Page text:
“Passion is the key that acts as a driving force to your success”, says the well-renowned Indian mathematician, Anand Kumar. Most of us are familiar with the name and his endeavors to bring the underprivileged into the mainstream through the medium of education. His brainchild “Super 30” gets 30 odd deserving candidates from the underprivileged strata of the society enrolled in IITs year after year. But is mere 30 enough for a country of 1.2 billion people? Not really. That is perhaps because he is on a warpath trying to do more by taking his Super30 courseware online and making it easy for more and more students to succeed.
We all agree education builds the very fabric of any society, facilitating learning at every step and shaping the personality of an individual continuously. However, the means of acquiring knowledge in this progressive world seems almost impertinent. For example, a child who attends school everyday can certainly be equated to a child who learns from online sources, be it YouTube videos or websites. With the advent of technology, mankind is slowly advancing towards elevating its standard of living and technology certainly is making things convenient and easy, but many feel the benefits are still not being felt at the grass roots level. It is not uncommon to find illiterate villagers using mobiles even in the remotes parts of this country to do business, keep in touch with near and dear or even to entertain themselves. But even now many of our villages do not even have a primarily school. So how do we bring those unfortunate into the mainstream?
While technology has invaded our lives, access of technology is still a distant dream for the underprivileged. Technological mainstreaming of underprivileged may not be a very viable business model for the big telecom operators. This is majorly because of the huge capital investment required and low returns on investment. However each private telecom operator may be assigned 50 remote villages to be digitally connected. This will also provide a boost to the e-commerce and benefit the overall economy.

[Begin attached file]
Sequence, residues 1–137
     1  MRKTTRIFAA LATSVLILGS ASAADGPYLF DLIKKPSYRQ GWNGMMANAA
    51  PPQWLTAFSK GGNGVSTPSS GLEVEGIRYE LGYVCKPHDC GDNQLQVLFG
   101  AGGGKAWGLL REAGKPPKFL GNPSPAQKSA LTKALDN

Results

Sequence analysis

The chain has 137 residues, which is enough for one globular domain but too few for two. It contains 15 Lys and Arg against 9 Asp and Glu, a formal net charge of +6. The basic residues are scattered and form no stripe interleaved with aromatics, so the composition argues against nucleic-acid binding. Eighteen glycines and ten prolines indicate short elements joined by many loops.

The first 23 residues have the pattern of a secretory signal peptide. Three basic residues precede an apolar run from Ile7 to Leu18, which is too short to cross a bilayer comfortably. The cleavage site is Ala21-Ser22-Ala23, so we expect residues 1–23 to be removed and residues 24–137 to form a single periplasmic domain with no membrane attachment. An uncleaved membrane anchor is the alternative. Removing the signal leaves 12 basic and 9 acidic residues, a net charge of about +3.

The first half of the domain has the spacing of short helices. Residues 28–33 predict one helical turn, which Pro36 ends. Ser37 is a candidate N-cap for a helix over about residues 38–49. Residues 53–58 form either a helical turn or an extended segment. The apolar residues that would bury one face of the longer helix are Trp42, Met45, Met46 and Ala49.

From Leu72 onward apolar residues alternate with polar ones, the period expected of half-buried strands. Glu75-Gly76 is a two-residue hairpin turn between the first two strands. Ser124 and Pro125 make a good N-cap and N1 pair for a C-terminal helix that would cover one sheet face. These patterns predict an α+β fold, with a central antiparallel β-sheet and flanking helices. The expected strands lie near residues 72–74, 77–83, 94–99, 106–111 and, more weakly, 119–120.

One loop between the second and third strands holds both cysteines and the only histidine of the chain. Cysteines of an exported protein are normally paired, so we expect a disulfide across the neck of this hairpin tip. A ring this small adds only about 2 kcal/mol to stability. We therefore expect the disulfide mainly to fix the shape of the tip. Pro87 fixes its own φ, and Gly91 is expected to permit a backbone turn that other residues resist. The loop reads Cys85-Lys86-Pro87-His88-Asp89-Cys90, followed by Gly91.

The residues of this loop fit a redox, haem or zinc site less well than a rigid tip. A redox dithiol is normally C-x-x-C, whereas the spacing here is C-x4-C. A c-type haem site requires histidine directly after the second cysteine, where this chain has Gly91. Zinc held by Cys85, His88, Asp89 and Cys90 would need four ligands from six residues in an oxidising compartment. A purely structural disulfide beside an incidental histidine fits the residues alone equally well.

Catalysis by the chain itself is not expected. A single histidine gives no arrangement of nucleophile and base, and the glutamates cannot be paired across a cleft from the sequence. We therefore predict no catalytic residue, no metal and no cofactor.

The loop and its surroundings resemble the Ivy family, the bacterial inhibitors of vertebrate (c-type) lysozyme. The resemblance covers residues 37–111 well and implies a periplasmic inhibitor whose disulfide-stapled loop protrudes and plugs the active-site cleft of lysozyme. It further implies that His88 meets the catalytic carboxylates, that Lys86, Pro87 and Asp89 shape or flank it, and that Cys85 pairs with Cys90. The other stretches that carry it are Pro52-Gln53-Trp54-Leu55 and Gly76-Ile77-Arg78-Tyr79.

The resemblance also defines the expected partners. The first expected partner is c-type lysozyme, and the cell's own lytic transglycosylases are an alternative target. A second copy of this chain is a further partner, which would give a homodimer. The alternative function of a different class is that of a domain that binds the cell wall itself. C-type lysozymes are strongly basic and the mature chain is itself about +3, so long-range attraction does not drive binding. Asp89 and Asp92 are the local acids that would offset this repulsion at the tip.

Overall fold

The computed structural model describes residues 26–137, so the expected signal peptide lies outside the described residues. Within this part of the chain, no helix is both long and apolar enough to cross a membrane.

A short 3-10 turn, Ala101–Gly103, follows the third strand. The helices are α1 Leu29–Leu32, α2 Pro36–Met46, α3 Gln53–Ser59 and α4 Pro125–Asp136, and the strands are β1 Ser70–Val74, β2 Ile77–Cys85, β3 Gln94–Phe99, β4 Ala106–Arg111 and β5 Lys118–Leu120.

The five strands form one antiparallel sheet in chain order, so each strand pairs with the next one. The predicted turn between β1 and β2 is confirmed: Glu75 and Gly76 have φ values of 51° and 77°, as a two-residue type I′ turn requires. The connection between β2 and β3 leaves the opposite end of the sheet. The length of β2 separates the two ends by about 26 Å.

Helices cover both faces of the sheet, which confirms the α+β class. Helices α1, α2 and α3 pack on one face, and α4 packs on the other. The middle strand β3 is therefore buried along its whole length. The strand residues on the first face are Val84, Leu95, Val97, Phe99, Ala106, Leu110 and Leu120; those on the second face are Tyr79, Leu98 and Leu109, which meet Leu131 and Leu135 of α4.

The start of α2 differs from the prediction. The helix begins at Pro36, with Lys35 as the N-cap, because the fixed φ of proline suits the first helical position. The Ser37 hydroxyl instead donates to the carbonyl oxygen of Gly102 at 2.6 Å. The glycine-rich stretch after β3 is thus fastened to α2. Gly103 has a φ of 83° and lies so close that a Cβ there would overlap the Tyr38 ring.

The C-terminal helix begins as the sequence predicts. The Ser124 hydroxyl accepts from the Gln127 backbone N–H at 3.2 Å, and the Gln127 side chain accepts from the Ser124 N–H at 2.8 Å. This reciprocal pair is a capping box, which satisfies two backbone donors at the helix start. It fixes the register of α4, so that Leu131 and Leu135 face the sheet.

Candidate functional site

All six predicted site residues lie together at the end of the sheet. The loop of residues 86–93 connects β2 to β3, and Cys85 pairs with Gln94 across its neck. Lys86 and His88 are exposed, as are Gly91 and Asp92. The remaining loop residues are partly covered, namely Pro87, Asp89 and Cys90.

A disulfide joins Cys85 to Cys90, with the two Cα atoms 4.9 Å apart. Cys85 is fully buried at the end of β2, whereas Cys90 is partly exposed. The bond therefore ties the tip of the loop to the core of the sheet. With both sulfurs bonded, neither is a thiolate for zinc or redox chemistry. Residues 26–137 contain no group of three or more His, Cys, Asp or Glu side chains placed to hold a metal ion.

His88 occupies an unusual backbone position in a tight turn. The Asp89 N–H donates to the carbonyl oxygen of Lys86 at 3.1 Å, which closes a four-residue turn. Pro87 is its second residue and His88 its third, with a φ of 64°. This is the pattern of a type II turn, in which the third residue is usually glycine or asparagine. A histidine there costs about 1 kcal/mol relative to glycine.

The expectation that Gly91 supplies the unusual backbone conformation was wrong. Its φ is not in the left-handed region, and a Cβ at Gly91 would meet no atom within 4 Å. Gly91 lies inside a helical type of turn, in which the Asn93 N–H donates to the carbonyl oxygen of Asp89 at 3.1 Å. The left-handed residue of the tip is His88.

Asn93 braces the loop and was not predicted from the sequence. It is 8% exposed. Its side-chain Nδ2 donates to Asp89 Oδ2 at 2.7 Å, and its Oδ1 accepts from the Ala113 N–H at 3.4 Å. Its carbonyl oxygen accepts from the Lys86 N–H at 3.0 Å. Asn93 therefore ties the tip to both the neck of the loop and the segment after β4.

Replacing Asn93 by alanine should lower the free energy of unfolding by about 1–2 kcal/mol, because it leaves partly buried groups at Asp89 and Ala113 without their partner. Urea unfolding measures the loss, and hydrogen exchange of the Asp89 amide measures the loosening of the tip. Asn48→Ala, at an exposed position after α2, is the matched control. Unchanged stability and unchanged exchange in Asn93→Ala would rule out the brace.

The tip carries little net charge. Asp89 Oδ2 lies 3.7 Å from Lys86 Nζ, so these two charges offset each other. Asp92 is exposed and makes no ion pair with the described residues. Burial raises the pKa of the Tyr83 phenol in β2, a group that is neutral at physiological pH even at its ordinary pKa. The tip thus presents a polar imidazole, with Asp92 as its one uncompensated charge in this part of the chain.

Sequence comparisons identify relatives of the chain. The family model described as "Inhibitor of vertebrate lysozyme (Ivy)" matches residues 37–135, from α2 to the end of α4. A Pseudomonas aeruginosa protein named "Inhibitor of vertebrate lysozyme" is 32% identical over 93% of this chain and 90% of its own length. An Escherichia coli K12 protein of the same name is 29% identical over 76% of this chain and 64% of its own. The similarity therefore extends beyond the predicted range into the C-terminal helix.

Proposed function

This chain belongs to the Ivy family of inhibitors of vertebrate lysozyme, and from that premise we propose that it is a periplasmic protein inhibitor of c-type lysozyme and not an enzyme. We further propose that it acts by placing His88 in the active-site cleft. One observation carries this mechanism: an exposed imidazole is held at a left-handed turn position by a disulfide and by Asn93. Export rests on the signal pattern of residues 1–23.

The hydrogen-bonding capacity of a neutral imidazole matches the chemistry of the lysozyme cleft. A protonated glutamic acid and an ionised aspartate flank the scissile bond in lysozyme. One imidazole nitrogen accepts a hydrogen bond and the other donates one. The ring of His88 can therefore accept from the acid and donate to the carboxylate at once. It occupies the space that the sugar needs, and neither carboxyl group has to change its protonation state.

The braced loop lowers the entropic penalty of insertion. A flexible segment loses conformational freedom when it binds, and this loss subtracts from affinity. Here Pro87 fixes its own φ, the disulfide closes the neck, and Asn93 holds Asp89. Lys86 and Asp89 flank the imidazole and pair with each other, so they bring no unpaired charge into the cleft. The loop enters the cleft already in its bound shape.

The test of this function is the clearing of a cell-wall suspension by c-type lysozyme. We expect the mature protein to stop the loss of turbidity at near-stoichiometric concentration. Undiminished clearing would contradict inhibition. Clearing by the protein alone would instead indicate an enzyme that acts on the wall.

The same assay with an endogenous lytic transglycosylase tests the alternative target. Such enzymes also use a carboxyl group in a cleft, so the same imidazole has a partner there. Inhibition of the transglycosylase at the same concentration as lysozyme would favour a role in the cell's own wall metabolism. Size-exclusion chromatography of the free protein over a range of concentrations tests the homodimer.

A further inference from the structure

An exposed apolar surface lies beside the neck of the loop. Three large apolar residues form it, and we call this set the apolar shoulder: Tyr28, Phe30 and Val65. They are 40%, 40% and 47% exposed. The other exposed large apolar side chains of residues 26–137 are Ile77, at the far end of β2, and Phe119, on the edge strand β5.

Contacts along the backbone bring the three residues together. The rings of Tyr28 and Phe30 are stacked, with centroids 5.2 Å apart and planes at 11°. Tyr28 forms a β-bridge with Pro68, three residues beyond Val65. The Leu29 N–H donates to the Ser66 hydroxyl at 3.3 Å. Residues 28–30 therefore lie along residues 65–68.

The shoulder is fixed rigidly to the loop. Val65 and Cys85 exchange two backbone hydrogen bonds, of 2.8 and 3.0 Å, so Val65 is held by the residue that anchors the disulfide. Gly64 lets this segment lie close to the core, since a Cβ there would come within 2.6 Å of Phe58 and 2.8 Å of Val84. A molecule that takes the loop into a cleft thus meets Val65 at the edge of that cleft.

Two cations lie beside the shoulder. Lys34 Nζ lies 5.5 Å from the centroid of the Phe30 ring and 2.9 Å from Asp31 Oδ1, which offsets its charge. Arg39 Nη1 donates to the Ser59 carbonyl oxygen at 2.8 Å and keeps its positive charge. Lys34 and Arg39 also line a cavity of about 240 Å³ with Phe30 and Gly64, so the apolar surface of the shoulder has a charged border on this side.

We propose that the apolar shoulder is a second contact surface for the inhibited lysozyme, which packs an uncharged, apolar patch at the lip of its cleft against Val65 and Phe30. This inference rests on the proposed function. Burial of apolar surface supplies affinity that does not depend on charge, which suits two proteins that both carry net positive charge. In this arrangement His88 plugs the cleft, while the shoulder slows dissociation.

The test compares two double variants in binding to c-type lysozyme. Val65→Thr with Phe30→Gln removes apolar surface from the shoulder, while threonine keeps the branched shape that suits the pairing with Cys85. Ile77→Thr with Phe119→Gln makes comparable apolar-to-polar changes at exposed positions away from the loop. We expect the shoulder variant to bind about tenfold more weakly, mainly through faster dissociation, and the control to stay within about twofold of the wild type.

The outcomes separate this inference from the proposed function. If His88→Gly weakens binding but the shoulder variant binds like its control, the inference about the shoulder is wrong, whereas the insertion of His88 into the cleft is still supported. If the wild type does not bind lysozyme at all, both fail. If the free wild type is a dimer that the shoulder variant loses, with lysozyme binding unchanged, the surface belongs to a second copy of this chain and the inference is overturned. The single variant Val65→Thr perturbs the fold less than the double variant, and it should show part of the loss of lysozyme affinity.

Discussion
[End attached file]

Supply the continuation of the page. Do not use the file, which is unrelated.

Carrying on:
The need of the hour is to provide the marginalized sections of the society with these amenities so that they don’t feel alienated and are at par with the rest of the citizenry. This can be achieved through the combined efforts of the Government and the people.
- Beyond just investing on infrastructure such as classrooms/buildings, each school should also be provided with a high Internet access 24×7 to enable them to deliver virtual classrooms where specialist teachers located outside the school premises could take classes for students as if they were present physically in class.
- Online education service providers should receive support and subsidy from the government or its agencies to offer low cost educational services towards underprivileged sections of our society.
- Community level facilities should be created. For instance, set up a small cyber café in the post office/community centre or panchayat office in every village to enable delivery of online classes for students or even grownups.
- Young people may be trained under skill development programs to open/run Internet cafes in their villages and the same may be used to deliver live education to students and community at large.
- NGOs and private education societies should be financially supported by the government or corporate sector to enable online education service delivery to the remotest parts of this country.
To its credit, the Government has launched several appreciable initiatives in this direction like Digital India Initiative and National Optical Fibre Network (NOFN) to provide speedier and immediate Internet connectivity in the rural areas. These initiatives aim at connecting around 50,000 village panchayats by the end of 2016. Recently, the Government has also created the National Skill Development Corporation (NSDC) which proactively seeks to strengthen the economically backward sections of the society, hence making them potential players in the corporate sector. These goals may seem lofty, but are definitely not unattainable.
Besides the government’s efforts, many individuals have made voluntary efforts in this direction to provide Internet access in remote corners of the country so that the children can watch videos and explore the seamless knowledge bank.
Thus, learning – be it classroom or online – is a continuous effort which has to be made and sustained to harvest the benefits of the technological revolution for the economy.
Online learning, delivered through a smart phone, laptop or PC – it seems has finally come of age.